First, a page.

“I knew that being allied with a mayor who was unpopular, especially in the 49th Ward, was not necessarily in my best political interest,” he said. “But I felt I was doing the right thing and I can defend every vote I took.”
Although Mayor-elect Lori Lightfoot has been working to curb aldermanic prerogative, Moore isn’t sure it’s possible to ever stop “deal making.” But he would like to see an end to aldermanic prerogative in matters of affordable housing.
“It’s in the city’s best interest to make sure that every neighborhood is affordable,” he said. “And there are some alderman who are resistant to that and it impedes our ability to accomplish [those goals.]”
Ultimately, Moore hopes that his legacy in Rogers Park — besides being the 49th Ward’s longest-serving alderman — is about being an alderman who built bridges within the community.
“I hope that my legacy will be one of working in partnership with community and civic leaders along with ordinary residents,” he said.
Moore has no plans to ever leave Chicago, or the 49th Ward. He and his wife recently moved to a lakefront condo and Moore is looking forward to being just another Rogers Park resident.
He said that Ald.-elect Hadden will have a steep learning curve and that the first term in office is “like drinking from a fire hose.”
He acknowledged her staff would be smaller but praised her decision to retain his ward superintendent Dan Murphy.
“[Hadden] is very smart,” he said. “If she brings the same energy she brought to the campaign, she will be in pretty good shape.”
He joked that the biggest change he experienced in office was gaining 40 pounds since swearing in. But on a more serious note, Moore admits he learned that many issues are more complex than most are willing to admit.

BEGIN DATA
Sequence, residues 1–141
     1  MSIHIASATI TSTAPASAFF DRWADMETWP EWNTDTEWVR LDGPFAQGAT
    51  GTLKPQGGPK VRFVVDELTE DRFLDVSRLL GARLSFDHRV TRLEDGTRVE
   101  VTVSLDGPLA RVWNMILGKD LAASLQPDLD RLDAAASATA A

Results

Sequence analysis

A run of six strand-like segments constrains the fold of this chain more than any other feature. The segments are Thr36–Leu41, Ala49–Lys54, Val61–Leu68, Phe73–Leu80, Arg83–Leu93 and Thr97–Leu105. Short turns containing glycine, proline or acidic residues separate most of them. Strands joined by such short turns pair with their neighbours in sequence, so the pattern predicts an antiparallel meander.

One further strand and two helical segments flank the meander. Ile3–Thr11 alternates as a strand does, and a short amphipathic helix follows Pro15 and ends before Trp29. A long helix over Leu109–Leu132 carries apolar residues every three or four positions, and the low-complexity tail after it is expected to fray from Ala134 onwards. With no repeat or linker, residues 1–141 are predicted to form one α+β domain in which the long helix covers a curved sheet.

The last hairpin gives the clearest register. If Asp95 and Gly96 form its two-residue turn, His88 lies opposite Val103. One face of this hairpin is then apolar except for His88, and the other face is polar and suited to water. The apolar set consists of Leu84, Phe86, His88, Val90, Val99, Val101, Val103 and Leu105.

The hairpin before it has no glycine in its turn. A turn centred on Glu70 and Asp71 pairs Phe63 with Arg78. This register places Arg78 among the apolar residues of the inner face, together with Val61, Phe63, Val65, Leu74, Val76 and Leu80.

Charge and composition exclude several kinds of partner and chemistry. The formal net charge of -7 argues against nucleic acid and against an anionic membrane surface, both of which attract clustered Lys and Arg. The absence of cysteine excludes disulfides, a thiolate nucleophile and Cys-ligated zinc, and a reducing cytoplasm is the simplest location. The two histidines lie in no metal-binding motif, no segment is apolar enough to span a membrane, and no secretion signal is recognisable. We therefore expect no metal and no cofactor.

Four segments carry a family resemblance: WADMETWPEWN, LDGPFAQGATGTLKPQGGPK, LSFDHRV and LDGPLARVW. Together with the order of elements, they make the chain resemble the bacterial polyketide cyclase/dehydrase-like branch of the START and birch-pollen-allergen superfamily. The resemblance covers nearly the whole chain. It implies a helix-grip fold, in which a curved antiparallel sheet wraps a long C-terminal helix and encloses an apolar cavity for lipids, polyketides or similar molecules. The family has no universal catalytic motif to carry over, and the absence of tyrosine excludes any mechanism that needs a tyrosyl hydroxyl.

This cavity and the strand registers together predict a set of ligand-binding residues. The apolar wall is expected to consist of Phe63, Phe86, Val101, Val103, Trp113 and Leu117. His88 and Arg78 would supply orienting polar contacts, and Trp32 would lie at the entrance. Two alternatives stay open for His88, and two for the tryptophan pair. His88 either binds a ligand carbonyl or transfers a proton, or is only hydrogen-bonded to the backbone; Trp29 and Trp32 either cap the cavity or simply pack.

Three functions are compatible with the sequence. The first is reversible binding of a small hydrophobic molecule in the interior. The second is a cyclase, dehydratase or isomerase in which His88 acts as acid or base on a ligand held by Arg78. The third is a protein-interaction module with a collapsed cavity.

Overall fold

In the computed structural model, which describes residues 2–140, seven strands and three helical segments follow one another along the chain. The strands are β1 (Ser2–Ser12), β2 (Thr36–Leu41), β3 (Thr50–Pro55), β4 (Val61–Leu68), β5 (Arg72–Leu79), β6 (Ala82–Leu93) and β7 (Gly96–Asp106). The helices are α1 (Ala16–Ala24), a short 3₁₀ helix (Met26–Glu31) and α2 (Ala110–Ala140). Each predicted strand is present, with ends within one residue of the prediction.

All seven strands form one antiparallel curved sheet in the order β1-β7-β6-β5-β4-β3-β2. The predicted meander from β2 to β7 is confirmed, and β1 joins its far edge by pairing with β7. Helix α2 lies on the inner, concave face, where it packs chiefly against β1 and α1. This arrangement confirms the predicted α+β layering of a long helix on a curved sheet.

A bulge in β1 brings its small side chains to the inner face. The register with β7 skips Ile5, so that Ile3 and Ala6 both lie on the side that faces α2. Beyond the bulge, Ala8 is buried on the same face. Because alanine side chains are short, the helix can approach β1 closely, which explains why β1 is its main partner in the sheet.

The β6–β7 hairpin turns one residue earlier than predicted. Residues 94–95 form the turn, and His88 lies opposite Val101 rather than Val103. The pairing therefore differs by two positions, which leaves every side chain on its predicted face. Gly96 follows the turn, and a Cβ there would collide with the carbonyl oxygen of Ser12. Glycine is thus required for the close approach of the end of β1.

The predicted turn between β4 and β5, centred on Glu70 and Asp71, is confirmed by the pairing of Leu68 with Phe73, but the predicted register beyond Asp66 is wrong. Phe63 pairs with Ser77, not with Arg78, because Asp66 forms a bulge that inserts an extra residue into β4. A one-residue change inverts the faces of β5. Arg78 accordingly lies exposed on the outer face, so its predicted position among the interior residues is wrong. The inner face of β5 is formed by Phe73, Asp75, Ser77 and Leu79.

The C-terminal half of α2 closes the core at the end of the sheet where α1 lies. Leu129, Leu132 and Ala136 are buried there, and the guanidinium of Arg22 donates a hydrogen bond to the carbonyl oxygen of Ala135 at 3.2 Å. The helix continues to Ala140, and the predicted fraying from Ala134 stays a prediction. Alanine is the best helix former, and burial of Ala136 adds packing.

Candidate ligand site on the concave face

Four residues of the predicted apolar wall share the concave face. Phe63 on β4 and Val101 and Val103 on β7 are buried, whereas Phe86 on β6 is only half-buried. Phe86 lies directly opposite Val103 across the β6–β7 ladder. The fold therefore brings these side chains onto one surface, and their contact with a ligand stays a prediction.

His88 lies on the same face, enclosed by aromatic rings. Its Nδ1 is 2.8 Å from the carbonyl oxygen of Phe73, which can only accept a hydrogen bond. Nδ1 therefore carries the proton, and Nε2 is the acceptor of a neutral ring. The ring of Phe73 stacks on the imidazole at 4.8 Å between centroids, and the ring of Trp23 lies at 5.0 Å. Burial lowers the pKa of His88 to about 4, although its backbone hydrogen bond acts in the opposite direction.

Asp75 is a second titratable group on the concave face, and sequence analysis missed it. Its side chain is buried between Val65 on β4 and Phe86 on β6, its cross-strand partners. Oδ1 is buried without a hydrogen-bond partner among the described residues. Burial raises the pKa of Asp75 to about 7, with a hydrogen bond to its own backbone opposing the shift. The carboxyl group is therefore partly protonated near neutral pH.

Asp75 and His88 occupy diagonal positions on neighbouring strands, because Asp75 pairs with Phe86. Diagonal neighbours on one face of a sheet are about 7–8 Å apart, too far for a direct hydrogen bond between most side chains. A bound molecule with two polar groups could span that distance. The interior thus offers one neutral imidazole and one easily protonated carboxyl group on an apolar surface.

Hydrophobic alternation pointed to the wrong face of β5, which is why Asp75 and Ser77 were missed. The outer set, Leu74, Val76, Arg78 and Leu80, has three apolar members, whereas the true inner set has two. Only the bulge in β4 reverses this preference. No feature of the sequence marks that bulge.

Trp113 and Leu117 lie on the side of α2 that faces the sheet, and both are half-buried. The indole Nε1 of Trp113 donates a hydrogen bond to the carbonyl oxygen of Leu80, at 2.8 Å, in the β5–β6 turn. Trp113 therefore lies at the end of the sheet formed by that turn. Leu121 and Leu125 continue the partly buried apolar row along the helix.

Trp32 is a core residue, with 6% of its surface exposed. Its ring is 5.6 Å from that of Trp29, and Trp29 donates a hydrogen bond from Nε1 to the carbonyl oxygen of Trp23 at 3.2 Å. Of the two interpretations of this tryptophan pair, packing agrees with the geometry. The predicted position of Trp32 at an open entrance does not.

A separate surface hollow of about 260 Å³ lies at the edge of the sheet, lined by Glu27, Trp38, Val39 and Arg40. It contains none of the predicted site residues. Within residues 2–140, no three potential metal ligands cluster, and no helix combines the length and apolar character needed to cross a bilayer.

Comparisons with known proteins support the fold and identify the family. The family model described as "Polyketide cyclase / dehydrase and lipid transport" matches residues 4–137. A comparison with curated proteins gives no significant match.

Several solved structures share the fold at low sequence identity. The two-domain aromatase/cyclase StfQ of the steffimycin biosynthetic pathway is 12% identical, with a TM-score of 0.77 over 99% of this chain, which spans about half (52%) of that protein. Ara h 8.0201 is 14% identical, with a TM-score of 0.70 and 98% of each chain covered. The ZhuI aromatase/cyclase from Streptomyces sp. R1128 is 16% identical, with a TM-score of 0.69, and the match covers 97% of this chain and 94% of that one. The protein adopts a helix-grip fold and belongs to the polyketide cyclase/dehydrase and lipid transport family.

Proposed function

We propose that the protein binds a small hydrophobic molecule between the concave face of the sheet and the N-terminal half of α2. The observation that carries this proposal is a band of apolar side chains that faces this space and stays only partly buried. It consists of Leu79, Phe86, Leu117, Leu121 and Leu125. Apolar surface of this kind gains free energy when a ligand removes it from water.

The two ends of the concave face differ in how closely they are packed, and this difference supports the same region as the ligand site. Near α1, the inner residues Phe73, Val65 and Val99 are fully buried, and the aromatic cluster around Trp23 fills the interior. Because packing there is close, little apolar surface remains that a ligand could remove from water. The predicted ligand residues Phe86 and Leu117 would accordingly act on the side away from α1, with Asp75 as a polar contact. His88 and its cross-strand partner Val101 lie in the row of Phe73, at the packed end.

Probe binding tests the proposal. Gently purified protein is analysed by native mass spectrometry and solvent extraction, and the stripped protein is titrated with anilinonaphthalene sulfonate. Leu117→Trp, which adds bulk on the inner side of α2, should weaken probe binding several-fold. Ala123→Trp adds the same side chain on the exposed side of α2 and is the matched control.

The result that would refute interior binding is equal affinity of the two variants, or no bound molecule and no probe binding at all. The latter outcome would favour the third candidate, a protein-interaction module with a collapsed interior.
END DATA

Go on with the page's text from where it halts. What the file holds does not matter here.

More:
“I discovered over time that not all issues are necessarily clear cut,” he said. “It’s not all black and white, there is a lot of gray area.”
When it comes to Rogers Park, Moore loves to frequent J.B. Alberto’s Pizza. But his favorite place by far is Loyola Park by Pratt Pier.
“There are very few places in the city more beautiful,” he said.
Moore did admit that there was a time during his tenure where he “took his eye off the ball.” It was about 12 years ago, according to Moore, when he was dealing with some issues in his personal life.
Moore said he let his staff slack off a bit, which led to a delay on the delivery of important ward services. He said it almost cost him an election and it refocused him to work even harder.
Moore said he will probably never leave politics completely — for him, politics is akin to water for a fish. But he doesn’t know what’s next.
“I’d like to continue to play a role in promoting cities and local governance,” he said. “I see myself playing a role in helping cities and elected officials at a local level do their jobs better.”
After almost three decades in office Moore wanted to say thank you to the residents of Rogers Park.
“I can never say thank you too much,” he said. “I was honored to have had the opportunity to represent this community for as long as I did.”